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Mick Fleetwood Celebrates Christine McVie’s 80th Birthday With ‘Songbird’ Cover

New recording features ukulele virtuoso Jake Shimabukuro
Christine McVie and Mick Fleetwood in January 2018 (photo: Steven Ferdman / Getty Images).

Fleetwood Mac co-founder/drummer Mick Fleetwood is honoring his late bandmate Christine McVie on what would have been her 80th birthday today (July 12), with an instrumental cover of her classic track “Songbird” featuring ukulele virtuoso Jake Shimabukuro. McVie died last November after suffering a stroke and the effects of cancer.

Fleetwood and Jake Shimabukuro both reside in Hawaii and had intended to collaborate for years, and when they finally found time in April, it was Shimabukuro who suggested giving “Songbird” a try. Says Fleetwood, “it turned out beautifully, but there was no plan yet to release it. But when I heard about Christine’s upcoming birthday, it felt like the right time to share this as a tribute to all the lovely music she created, both on her own and with Fleetwood Mac.”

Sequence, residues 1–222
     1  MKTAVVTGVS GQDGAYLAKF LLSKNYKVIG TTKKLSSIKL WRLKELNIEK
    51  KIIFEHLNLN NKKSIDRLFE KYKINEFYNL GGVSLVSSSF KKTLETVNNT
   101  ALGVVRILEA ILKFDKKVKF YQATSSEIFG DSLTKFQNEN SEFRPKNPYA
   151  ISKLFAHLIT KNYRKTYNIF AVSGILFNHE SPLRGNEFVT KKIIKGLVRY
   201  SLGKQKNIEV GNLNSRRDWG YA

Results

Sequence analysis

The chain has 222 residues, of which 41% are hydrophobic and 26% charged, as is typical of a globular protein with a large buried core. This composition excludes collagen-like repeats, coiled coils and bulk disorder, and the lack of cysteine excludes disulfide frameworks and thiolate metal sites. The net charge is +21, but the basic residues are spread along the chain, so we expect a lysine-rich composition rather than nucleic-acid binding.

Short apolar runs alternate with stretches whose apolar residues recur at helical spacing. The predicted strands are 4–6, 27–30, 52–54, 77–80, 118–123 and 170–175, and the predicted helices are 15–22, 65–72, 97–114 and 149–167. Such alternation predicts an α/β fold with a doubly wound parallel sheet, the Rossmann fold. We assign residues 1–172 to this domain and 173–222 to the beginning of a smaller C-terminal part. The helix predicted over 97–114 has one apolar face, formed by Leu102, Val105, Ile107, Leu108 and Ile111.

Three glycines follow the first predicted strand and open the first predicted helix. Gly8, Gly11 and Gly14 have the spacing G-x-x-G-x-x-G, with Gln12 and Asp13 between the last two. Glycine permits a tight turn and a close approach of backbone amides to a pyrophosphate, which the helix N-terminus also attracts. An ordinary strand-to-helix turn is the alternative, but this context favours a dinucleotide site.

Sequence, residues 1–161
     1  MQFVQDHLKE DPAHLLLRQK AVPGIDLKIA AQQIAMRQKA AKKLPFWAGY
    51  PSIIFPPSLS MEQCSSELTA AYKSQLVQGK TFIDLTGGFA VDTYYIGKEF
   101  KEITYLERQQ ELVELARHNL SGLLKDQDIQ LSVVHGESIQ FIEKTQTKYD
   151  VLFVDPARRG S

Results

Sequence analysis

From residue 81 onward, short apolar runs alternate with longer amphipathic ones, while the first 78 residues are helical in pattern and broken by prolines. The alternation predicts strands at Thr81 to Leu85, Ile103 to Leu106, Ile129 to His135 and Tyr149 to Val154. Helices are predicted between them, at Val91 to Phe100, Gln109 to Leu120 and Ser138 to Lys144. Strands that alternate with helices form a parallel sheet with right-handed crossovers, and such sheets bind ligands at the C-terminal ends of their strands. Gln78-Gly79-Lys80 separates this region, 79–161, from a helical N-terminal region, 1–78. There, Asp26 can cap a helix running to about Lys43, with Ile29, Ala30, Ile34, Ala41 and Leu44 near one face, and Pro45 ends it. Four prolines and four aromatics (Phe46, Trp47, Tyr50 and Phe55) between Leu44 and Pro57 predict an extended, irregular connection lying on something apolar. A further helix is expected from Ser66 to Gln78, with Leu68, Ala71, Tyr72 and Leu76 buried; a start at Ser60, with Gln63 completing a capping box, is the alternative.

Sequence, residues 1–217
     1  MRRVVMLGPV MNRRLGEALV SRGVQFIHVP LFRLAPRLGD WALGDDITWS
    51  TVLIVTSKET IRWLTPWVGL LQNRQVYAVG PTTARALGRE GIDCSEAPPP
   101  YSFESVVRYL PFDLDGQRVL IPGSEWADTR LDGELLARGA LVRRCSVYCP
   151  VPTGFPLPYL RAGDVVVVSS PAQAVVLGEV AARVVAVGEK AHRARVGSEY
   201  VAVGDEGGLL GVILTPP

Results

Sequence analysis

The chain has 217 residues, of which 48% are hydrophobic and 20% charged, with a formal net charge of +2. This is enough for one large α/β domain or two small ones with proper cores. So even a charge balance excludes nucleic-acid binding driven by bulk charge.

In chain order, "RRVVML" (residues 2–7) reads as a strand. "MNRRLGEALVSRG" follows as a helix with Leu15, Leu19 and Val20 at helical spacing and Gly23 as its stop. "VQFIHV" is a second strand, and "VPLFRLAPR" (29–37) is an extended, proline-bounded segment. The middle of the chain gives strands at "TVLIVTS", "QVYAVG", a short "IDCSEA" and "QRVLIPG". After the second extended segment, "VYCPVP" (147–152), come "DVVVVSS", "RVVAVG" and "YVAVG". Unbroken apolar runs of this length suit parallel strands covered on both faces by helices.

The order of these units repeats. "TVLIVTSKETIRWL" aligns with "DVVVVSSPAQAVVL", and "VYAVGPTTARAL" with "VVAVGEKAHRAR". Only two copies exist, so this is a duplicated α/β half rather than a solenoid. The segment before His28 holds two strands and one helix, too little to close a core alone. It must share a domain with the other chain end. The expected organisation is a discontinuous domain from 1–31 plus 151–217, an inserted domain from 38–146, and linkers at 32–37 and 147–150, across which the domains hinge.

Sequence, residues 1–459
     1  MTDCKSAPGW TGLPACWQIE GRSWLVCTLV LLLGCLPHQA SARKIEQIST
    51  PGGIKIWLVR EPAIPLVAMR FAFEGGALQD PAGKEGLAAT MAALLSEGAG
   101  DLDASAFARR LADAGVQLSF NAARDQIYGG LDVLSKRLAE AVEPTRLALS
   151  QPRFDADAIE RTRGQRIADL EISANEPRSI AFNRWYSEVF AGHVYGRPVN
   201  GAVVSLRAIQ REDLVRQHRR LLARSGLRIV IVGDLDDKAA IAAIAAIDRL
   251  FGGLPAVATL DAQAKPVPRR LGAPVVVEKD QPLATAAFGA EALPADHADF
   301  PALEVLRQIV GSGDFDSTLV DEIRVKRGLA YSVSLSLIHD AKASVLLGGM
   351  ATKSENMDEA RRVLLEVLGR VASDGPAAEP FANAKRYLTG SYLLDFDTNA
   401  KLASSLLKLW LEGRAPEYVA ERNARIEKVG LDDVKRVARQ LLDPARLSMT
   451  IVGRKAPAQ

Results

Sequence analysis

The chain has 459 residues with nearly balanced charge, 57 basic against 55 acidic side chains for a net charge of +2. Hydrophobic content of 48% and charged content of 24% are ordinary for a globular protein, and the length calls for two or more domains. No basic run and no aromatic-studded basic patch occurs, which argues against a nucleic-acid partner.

Fleetwood admits he had reservations about covering one of McVie’s most beloved songs, which appears on the legendary 1977 Fleetwood Mac album Rumours and was a staple of the band’s concerts for decades. “When something is that well known, it becomes hallowed ground to a certain extent,” he says. “But when we did it, I remember there was a hush when we listened back, and we felt that we had touched on something.”

Adds Shimabukuro, “[Fleetwood’s] haunting drum groove transported me to a place filled with love and peace. It was a very special moment in the studio that I will never forget.”

Meanwhile, Rhino has set a Nov. 3 release date for remastered versions of McVie’s last two solo albums: 1984’s Christine McVie and 2004’s In the Meantime. The projects will be available on CD, vinyl, and digital, with In the Meantime boasting a new Dolby Atmos mix. A previously unreleased track from the latter, “Little Darlin’,” is out today as well.

“Christine was a North Country girl, and she would have no idea why they were closing down stadiums during half time and putting her picture up,” Fleetwood says. “I don’t think she really realized how powerful her music was, still is, and will be. And ‘Songbird’ certainly represents all of that.”